At Malaria No More, we envision a world where no child dies from a mosquito bite. We use our innovative partnerships and focused advocacy to elevate malaria on the global health agenda, create political will and mobilize the global resources required to achieve malaria eradication within a generation.
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Challenge #4: Data & Mobile – Ashifi Gogo, CEO of Sproxil

This Q&A is part of our Solve for M: Five Challenges for Ending Malaria series. Challenge 4 (link to post) looks at ways technology and data can be used to fight malaria. Ashifi Gogo is the head of Sproxil, a company that uses mobile phone technology to combat dangerous counterfeit malaria medication.

1) Many people aren’t aware of the major threat counterfeit drugs pose, can you briefly describe the problem and how mobile authentication, such as Sproxil, helps fight it?

Drug counterfeiting, while particularly prevalent in emerging markets, is a global disease that threatens the safety and well-being of all citizens. 700,000 people die every year from fake anti-malarial and tuberculosis drugs alone: it is the equivalent of the entire population of Boston disappearing in a single year.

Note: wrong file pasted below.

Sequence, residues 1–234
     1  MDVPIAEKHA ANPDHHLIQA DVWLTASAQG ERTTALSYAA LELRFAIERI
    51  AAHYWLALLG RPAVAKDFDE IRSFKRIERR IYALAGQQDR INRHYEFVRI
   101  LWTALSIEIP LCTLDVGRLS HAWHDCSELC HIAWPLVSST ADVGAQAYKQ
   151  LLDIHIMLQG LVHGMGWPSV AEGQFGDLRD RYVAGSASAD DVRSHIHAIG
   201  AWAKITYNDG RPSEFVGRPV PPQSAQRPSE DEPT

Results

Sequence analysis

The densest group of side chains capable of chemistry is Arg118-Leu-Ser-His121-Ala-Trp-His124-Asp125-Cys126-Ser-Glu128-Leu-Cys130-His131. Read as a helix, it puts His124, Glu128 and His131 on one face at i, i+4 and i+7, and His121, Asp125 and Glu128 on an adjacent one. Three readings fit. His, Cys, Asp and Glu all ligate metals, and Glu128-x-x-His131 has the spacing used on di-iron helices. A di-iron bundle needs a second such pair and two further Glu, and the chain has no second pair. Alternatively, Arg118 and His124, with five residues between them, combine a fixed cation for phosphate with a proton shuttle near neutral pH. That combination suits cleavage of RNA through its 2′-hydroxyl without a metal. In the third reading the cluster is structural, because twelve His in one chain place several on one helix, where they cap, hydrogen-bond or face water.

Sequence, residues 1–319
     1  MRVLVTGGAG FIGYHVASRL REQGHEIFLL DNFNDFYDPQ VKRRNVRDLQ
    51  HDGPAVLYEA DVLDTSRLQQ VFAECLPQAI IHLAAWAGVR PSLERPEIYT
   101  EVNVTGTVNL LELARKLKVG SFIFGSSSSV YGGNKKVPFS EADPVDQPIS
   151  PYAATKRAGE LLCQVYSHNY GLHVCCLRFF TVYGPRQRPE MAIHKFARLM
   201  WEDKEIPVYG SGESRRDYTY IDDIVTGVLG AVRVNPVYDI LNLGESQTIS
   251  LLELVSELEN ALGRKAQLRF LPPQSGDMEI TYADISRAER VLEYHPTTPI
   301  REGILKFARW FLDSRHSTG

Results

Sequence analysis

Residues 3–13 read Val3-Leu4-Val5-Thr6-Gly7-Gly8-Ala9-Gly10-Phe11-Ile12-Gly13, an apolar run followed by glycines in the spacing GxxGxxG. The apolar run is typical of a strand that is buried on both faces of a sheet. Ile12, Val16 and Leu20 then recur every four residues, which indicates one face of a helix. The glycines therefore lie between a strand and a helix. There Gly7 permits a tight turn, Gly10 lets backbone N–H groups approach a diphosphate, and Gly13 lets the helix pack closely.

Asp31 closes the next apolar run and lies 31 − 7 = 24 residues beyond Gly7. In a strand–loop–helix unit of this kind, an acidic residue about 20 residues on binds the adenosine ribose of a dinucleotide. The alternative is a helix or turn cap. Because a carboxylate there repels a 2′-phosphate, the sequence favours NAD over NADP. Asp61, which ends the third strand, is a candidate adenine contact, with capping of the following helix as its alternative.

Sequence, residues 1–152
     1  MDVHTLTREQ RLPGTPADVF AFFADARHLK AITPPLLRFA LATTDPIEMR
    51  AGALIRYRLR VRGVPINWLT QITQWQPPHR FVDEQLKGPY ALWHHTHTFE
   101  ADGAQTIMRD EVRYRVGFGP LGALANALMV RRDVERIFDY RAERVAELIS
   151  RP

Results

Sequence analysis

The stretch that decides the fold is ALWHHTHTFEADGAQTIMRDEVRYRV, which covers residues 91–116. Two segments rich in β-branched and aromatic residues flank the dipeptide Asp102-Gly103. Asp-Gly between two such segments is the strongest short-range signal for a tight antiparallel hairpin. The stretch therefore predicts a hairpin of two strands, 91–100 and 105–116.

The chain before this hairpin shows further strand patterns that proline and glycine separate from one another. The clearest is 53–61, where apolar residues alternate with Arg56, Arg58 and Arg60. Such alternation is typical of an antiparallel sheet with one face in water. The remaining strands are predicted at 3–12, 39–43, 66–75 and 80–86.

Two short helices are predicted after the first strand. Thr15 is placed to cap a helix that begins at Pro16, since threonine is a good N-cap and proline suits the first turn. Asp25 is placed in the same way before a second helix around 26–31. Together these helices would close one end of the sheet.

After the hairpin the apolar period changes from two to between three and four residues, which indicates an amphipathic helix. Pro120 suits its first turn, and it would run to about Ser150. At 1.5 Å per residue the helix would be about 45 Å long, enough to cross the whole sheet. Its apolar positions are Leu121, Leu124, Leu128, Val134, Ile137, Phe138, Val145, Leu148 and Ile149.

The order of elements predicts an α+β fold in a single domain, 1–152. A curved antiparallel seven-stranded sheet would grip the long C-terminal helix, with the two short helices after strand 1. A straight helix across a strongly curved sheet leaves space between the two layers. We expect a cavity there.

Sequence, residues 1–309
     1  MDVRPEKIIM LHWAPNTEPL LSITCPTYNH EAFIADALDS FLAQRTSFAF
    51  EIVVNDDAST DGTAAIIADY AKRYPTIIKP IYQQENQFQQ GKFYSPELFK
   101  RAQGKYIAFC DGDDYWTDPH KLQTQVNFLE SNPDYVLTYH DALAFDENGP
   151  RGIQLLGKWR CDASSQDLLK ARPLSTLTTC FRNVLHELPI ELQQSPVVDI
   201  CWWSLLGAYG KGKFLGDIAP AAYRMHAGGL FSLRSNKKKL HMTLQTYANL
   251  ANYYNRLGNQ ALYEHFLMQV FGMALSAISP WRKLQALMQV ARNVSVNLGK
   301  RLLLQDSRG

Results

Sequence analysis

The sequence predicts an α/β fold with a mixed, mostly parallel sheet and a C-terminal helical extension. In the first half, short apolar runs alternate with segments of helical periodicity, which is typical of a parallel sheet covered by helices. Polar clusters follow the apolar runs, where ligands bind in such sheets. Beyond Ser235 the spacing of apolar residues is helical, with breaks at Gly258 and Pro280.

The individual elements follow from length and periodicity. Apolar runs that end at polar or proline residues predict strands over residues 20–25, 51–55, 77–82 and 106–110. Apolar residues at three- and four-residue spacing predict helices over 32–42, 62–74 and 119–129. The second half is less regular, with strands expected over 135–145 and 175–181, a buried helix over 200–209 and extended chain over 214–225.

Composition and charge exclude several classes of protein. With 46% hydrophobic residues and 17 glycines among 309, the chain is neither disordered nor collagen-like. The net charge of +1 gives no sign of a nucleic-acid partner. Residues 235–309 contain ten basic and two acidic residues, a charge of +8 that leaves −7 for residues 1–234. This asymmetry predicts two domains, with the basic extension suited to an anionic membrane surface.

By leveraging the increasing popularity of mobile phones, we developed a simple, but powerful and secure SMS system: Mobile Product Authentication™ (MPA™). We partner directly with manufacturers and distributors to append security labels with a scratch-off panel on each product. At point of sale, a consumer will scratch off the panel to reveal a unique, single use code that they SMS to our phone number for free. The consumer instantly receives a response back confirming that the product is genuine or warning that it is suspicious. Our 24/7 help desk, which supports major local languages, is available for reports of counterfeiting activity and for questions relating to the product or solution.

To further reduce access barriers, we have multiple channels for verification: mobile apps (available on iPhone, Android, and Blackberry 7), web apps and our help desk.

2) You’re working to integrate Sproxil into more countries. Where do you provide service currently, and where do you plan to expand?

We have operations in Ghana, India, Kenya, Nigeria, and the U.S. and can execute projects on six major continents. In an effort to stay ahead of counterfeiters, we do not disclose our plans for expansion.

3) Beyond preventing counterfeits, do you see other ways to leverage this data to improve health?

Our technology was developed to be flexible and scalable. By creating direct communication channels between our clients and their patients, MPA can help foster healthier lifestyles. Our technology can support medical adherence programs, message patients with expiration reminders and health and wellness information or connect them with health care providers or other experts and even send special coupons or recommendations for other wellness products.  The opportunities for improving health by connecting patients with the appropriate resources make the possibilities limitless.

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